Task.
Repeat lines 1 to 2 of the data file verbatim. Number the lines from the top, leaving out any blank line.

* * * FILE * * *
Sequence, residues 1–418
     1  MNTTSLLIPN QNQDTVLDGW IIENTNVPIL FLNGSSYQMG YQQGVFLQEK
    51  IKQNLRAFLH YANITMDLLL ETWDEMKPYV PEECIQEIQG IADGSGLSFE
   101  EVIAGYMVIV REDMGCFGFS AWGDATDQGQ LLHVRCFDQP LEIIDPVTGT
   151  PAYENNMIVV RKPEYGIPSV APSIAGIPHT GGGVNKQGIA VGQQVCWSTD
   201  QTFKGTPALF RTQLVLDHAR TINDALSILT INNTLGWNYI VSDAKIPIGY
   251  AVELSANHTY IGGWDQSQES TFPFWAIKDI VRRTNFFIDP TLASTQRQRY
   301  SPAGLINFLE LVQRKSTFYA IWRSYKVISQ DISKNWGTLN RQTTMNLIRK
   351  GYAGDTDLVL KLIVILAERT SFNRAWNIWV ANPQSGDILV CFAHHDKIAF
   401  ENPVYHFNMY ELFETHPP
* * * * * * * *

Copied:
Sequence, residues 1–418
     1  MNTTSLLIPN QNQDTVLDGW IIENTNVPIL FLNGSSYQMG YQQGVFLQEK